At any point, Medicare will pay for 100 days of nursing home care as well. However, it has to occur following a stay in a hospital. This means that if a dementia patient falls and breaks an arm and has to go to the hospital, he can stay in nursing home for up to 100 days.

If someone goes into hospice and has less than six months to live, Medicare will pay for doctors, nurses, prescription drugs, counseling, personal care, and homemaker services.

If you’re worried that Original Medicare is not enough – which many people also worry about – then Medicare Supplemental Insurancemay be the way to go.


Medicare Supplemental Insurance, also known as Medigap, covers the gaps in care from Original Medicare. In most states across the U.S., patients will be able to choose from 10 different plans that are labeled A, B, C, D, F, G, K, L, M, and N.Some of the things that these plans may cover are prescription drugs, the first three pints of blood, and skilled nursing facility care coinsurance. They also have different coverage for Part B coinsurance or copayment, Part A deductible, Part B deductible, and the Part B excess charge.

While F and C are the most comprehensive Medicare Supplement Insurance plans, starting on January 1, 2020, they will no longer be available. If someone is enrolled in them already, he will be able to keep his coverage, however.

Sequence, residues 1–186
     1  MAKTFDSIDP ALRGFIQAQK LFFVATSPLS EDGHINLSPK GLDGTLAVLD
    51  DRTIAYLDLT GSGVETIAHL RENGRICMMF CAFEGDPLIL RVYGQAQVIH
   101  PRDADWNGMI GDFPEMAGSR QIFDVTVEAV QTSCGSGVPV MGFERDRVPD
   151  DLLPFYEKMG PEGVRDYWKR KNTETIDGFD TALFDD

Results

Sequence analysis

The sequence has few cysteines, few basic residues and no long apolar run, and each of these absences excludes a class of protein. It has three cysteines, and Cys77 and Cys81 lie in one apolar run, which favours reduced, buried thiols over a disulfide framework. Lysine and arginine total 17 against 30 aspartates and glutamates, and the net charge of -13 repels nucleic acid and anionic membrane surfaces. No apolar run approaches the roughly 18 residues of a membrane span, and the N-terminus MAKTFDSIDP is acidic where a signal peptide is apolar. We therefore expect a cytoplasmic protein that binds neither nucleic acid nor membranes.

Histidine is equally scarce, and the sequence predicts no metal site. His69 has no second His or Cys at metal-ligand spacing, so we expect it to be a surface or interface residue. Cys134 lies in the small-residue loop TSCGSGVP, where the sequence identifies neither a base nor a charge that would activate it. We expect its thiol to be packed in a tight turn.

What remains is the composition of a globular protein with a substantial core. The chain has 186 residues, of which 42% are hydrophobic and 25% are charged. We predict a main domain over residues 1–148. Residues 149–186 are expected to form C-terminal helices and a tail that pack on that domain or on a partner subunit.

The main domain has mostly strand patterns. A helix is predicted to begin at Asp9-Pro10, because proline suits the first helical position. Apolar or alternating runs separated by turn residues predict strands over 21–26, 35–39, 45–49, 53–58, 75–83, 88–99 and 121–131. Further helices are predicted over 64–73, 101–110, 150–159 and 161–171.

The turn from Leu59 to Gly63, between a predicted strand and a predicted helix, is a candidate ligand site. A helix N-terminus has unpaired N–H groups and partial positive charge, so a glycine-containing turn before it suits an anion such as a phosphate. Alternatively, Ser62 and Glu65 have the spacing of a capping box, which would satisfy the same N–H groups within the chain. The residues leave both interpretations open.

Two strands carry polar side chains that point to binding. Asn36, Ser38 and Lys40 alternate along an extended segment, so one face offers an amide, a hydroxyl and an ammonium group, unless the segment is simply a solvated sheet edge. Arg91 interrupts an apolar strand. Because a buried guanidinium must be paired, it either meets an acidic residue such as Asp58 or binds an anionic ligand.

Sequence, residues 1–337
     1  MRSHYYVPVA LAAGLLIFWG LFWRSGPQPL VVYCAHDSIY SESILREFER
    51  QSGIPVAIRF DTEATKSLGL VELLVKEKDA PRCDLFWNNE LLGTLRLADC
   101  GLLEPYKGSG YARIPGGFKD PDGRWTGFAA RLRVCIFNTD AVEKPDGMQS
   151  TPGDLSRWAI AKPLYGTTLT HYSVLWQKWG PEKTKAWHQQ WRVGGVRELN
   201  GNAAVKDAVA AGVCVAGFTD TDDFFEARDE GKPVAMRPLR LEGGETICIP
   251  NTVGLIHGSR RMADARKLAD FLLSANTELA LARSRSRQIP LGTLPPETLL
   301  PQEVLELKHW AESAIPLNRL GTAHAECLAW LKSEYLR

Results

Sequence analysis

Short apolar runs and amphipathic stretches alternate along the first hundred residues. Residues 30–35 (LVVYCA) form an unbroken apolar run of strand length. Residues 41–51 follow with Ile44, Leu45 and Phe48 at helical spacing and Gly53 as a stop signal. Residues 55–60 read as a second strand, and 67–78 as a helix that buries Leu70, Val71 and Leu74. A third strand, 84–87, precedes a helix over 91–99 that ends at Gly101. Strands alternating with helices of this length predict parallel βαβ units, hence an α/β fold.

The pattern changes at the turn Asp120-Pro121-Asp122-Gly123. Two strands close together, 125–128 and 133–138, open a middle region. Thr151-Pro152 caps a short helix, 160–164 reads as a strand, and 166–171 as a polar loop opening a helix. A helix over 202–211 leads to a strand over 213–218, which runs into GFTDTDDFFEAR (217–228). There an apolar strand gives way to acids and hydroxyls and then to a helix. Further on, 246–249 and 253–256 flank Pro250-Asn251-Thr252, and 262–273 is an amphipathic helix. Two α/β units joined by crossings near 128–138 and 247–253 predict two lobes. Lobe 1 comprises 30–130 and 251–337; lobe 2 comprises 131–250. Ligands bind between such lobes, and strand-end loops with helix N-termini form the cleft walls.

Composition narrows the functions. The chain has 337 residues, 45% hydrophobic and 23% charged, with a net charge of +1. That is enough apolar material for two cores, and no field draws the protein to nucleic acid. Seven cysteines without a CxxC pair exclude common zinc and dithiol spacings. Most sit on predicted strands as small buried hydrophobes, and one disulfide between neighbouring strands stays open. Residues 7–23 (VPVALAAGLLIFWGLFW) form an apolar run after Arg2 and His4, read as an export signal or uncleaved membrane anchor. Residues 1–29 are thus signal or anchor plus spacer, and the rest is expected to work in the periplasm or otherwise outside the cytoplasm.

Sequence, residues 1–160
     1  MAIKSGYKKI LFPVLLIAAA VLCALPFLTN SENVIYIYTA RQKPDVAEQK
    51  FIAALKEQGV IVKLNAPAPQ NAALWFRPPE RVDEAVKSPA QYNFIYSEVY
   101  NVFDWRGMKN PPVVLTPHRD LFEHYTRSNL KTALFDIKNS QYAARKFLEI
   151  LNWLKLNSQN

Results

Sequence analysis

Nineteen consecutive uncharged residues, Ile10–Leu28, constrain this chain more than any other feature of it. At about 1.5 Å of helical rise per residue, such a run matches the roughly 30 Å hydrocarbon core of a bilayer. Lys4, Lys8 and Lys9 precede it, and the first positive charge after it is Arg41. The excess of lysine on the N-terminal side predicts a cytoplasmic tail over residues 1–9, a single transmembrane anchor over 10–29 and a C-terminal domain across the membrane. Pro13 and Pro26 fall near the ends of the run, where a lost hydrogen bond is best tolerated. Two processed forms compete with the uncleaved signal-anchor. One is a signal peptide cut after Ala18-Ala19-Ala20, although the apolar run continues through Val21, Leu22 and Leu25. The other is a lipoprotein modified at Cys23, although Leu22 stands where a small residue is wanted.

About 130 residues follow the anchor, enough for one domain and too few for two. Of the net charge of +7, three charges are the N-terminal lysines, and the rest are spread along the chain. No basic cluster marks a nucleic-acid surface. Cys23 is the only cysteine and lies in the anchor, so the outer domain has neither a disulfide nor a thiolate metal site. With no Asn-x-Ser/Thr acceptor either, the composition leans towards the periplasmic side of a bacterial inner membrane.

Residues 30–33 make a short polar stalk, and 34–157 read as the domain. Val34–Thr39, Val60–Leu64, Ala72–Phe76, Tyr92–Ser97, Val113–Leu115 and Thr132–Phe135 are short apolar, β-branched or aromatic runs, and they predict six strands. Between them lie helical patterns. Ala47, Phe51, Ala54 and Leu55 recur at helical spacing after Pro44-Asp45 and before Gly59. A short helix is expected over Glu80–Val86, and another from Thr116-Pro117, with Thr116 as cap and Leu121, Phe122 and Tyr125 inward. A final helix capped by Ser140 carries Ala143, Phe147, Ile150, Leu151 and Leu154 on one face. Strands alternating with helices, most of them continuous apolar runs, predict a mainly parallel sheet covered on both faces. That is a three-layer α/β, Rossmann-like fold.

Since every type of Medicare Supplement Insurance plan is different, you will want to research what each one covers and choose the one that will not only cover your needs today but provide for you in the future. Since dementia is degenerative, you’re going to need much more care and financial help from your insurance plan in the future.

Aside from Original Medicare and Medicare Supplemental Insurance, you may need to research long-term care insurance. It will provide coverage for the gaps from Medicare Supplemental Insurance and Original Medicare, and ensure you have the most appropriate coverage you need going forward.


If you’re ready to look into Medicare Supplemental Insurance and figure out a plan to purchase, then use Ensurem’s Medicare Supplement Quote  tool. In just a few minutes and with a little bit of basic information like your birth date, gender, tobacco use, and location, you can find the best Medicare Supplemental Insurance for your memory care needs now and in the future. Don’t wait when it comes to your healthcare. Find your Medicare Supplement Insurance plan today and be rest assured that you’re covered for whatever life brings your way.